By Lea Krohn, Director of Education
Abraham Maslow, the psychologist best known for identifying a hierarchy of human needs, said, “One can choose to go back toward safety or forward toward growth. Growth must be chosen again and again; fear must be overcome again and again.”
So many of today’s young doers and achievers are merely surviving, not growing. Why? The work of Todd Rose, co-founder of Populace and a former Harvard Graduate School of Education professor, has taught us that, as individuals, we rarely associate fame and wealth with “success,” but we believe others do. We also often make decisions about our careers with those things in mind, rather than considering meaning, passion, or even our own skills. COVID-19 has added to these challenges, and while technology is making it easier for us to get work done during the pandemic, it can’t solve the problems associated with not enjoying our work. It certainly can’t help us find meaning in it.
To do that, we need to both learn about ourselves and continually stretch our knowledge and skills.
To introspect, to continue to grow, and to hone the ability to innovate and problem solve, individuals must have time to invest in themselves and their future. This always has been the case, but many of us are more acutely aware of it during quarantine. If we cannot carve out that time, we will suffer, and the budding entrepreneurs and activists won’t develop rapidly toward their potential.
Late last year, I had the chance to catch up with several alumni from the Charles Koch Institute’s (CKI) Koch Associate Program (KAP). KAP is an opportunity that blends professional development with real work experience. Through our Market Based Management® (MBM) curriculum, participants learn how to lead, innovate, and use principles-based thinking to make more effective decisions in their careers and in life.
While I was talking to our alumni, one question kept coming up: The structure of KAP made it so easy for them to invest in themselves, but how do they keep that going when the time is no longer structured into their day? How do you invest in yourself while also honoring your commitments to staff meetings, project deadlines, and basic inbox management? Post-KAP, our alumni were finding it hard to carve out extra (or any) time to think deliberately about their own personal development, where they would like their career to move next, and how they could better make an impact on society.
While working full-time, KAP participants have the opportunity to spend a day out of their week to reflect on their work, invest in their growth, introspect about what they are learning about themselves, network in service of their goals, and so much more. They are invited to consider what they are learning about their own passions and gifts through that work and how they can hone their skills to better serve their community and address issues they care about.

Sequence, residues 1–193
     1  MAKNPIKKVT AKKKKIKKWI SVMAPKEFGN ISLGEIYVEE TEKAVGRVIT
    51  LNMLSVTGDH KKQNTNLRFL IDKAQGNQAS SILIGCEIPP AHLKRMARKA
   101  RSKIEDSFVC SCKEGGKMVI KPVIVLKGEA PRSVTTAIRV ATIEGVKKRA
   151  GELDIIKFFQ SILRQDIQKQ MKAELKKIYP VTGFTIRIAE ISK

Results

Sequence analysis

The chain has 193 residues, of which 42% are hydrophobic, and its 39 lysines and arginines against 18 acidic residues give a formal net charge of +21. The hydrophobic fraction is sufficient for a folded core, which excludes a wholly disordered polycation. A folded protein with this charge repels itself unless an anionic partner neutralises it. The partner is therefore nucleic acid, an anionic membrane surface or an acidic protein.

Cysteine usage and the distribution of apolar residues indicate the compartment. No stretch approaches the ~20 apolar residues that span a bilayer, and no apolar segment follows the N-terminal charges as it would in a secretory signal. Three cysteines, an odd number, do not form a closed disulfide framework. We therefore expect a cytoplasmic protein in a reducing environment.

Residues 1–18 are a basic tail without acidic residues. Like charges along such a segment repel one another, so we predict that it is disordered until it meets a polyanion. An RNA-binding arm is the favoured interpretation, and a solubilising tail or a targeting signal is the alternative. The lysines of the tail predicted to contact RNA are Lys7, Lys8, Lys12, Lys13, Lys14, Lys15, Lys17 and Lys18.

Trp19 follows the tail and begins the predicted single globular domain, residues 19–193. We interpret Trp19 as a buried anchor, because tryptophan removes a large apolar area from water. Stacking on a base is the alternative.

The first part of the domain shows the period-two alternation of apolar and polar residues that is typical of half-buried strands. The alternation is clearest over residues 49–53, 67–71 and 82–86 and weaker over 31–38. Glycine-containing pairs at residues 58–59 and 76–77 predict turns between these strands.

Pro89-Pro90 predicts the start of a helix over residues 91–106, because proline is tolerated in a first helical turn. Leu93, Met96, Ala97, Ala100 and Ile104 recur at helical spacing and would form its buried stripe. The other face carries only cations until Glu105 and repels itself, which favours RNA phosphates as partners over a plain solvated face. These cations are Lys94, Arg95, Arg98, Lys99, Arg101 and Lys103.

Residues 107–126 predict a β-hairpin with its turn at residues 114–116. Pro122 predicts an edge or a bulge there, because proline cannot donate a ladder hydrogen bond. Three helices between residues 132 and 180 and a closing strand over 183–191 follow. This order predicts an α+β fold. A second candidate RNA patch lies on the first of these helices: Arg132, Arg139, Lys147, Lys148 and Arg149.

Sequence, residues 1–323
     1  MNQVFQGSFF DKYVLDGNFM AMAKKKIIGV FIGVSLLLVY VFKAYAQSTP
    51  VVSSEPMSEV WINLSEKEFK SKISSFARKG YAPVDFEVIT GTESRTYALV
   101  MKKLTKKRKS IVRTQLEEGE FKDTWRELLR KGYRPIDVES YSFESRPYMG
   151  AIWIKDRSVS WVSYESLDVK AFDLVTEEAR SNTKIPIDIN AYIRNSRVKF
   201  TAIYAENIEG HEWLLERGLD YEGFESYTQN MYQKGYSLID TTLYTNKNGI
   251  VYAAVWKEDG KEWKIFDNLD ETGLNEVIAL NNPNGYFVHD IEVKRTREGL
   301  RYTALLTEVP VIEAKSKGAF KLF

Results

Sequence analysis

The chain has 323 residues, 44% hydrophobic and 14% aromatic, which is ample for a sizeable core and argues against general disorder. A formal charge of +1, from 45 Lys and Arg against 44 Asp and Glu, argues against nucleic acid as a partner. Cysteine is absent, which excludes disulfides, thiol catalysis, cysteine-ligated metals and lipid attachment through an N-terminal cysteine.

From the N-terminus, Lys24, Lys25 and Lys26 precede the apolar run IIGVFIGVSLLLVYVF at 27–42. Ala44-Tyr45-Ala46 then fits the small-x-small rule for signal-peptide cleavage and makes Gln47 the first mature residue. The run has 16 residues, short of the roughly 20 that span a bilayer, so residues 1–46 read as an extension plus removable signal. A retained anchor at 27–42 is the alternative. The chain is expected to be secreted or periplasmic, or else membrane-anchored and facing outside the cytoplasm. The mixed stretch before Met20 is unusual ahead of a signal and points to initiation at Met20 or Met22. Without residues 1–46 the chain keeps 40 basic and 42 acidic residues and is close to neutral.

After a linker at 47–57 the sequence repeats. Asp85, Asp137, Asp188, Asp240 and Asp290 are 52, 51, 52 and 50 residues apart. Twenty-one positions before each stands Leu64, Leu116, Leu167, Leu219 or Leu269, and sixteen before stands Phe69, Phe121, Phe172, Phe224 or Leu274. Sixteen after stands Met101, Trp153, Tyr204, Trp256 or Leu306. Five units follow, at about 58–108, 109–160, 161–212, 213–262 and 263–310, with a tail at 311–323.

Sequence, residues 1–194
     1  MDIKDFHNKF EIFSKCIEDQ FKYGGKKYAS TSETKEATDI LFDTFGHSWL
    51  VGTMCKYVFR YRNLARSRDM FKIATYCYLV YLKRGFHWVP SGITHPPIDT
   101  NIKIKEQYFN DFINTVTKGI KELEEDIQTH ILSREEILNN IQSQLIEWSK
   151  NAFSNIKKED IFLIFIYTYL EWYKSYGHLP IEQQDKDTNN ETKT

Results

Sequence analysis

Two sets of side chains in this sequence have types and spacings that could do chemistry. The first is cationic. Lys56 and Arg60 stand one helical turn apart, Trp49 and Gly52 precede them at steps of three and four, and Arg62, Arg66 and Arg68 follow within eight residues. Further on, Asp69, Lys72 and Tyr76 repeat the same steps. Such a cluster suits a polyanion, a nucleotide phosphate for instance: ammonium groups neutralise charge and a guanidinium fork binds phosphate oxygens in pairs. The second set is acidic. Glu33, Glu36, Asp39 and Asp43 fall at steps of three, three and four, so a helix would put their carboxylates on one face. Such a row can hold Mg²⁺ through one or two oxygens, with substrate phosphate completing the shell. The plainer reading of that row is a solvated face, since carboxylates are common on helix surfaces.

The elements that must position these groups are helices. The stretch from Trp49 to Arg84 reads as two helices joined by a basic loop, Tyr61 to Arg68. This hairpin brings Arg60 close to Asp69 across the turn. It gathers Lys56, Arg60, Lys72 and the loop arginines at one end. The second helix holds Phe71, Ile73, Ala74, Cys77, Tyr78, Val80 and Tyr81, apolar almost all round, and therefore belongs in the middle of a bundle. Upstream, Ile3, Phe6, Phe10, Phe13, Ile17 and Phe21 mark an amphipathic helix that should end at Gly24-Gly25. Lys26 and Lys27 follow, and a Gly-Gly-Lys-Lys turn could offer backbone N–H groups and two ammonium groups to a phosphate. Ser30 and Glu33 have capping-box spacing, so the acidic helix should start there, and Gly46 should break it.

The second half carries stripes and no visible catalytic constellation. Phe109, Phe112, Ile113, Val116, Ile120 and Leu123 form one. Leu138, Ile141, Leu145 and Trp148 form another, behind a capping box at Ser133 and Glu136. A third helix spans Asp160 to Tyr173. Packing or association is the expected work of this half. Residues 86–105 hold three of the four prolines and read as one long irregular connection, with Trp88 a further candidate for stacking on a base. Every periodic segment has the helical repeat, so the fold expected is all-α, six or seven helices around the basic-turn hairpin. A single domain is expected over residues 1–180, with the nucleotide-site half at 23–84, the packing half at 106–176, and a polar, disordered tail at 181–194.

These alumni missed that activity and were surprised how hard it is to do that during the course of their regular day. With a bit of regret, I heard more than one person say something like, “I wish I had recognized the value of that unique opportunity at the time.”
What is that value? Why is making this space an important — indeed, essential — part of the work week?
Because it leads to self-actualization, or the uncovering of one’s own talents, potential, and passions. It also helps build the skills needed for lifelong learning. Making time to discover things about yourself, how to push to your limits, and developing a mindset that invites learning will pay dividends over the long term. These activities create a virtuous cycle of mutual benefit, meaning that, as a person learns new things, they see new opportunities to apply those skills and to learn, advance, and grow even more.
KAP provides support through this journey. During the program, KAP participants work closely with coaches who provide feedback on projects and help them apply MBM to their work. The coaches also push associates to learn more about their passions and skills and to identify resources that can help them be more successful. Finally, coaches gather their associates into small groups, offering a close-knit community of peers to learn alongside.
To answer the toughest questions society faces, we need individuals who are prepared to solve problems and who know how to have their insights challenged and refined. In other words: Solving today’s problems requires that we first choose growth by investing in ourselves.
Interested in finding time to do that? Learn more about KAP here.